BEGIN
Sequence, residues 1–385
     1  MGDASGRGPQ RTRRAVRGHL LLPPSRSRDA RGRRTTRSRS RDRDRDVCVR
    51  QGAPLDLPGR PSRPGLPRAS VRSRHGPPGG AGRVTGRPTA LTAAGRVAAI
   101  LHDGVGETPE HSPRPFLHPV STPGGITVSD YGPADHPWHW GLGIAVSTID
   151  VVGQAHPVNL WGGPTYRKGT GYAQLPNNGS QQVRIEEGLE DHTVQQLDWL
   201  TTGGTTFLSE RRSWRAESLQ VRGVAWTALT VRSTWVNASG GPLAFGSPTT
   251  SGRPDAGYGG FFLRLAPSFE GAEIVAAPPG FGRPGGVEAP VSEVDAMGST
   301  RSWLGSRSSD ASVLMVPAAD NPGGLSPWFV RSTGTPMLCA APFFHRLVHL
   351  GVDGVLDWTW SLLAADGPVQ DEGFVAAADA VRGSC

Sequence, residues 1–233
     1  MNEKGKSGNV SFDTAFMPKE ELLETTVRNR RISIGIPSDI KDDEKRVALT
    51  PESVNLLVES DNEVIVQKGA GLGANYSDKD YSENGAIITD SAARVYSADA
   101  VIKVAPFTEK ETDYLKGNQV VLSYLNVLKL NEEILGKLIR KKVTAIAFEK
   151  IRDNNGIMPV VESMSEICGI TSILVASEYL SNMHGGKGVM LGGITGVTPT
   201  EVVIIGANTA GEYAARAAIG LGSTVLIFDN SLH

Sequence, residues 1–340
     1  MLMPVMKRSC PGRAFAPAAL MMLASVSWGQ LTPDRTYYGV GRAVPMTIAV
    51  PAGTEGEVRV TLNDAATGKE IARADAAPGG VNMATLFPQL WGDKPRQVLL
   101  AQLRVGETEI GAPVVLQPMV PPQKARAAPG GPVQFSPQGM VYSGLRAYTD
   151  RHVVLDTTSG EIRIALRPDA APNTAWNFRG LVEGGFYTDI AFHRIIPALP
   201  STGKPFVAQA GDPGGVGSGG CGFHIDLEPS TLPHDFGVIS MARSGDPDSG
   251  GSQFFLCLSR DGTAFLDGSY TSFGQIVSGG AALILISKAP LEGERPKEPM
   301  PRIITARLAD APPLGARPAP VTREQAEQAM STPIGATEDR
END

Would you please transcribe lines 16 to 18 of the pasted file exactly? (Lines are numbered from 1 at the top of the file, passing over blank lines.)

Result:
Sequence, residues 1–340
     1  MLMPVMKRSC PGRAFAPAAL MMLASVSWGQ LTPDRTYYGV GRAVPMTIAV
    51  PAGTEGEVRV TLNDAATGKE IARADAAPGG VNMATLFPQL WGDKPRQVLL